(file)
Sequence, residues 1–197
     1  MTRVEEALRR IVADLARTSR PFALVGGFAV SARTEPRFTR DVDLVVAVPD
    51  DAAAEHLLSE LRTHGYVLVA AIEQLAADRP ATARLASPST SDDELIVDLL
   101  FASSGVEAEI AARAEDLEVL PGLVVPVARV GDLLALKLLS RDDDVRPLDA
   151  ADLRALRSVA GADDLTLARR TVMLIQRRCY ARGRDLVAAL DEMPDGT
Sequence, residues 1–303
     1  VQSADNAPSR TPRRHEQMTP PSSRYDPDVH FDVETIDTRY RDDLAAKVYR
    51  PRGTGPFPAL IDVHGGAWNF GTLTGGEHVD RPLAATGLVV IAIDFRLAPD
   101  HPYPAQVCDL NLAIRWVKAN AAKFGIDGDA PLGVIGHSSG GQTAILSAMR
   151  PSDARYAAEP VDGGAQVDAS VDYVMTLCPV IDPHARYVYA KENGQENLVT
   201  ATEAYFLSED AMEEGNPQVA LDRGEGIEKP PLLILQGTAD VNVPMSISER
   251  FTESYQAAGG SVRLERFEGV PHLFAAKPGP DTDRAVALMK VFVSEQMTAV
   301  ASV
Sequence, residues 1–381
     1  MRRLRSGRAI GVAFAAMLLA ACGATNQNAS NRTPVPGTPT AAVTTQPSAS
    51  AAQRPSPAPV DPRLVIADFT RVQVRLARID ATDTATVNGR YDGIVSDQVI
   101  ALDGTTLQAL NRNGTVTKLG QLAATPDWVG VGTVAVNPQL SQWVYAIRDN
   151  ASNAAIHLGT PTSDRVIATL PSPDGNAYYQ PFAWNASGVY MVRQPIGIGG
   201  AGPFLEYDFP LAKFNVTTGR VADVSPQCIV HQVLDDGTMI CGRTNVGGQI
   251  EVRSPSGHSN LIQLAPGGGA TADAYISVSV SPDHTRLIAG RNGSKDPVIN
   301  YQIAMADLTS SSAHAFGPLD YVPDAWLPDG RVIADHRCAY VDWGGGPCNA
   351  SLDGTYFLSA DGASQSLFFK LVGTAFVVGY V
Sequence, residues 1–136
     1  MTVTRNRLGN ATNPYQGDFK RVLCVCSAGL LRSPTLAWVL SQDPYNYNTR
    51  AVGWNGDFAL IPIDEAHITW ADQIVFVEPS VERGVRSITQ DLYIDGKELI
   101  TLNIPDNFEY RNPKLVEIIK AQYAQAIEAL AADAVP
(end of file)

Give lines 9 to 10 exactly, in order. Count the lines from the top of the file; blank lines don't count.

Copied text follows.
   101  HPYPAQVCDL NLAIRWVKAN AAKFGIDGDA PLGVIGHSSG GQTAILSAMR
   151  PSDARYAAEP VDGGAQVDAS VDYVMTLCPV IDPHARYVYA KENGQENLVT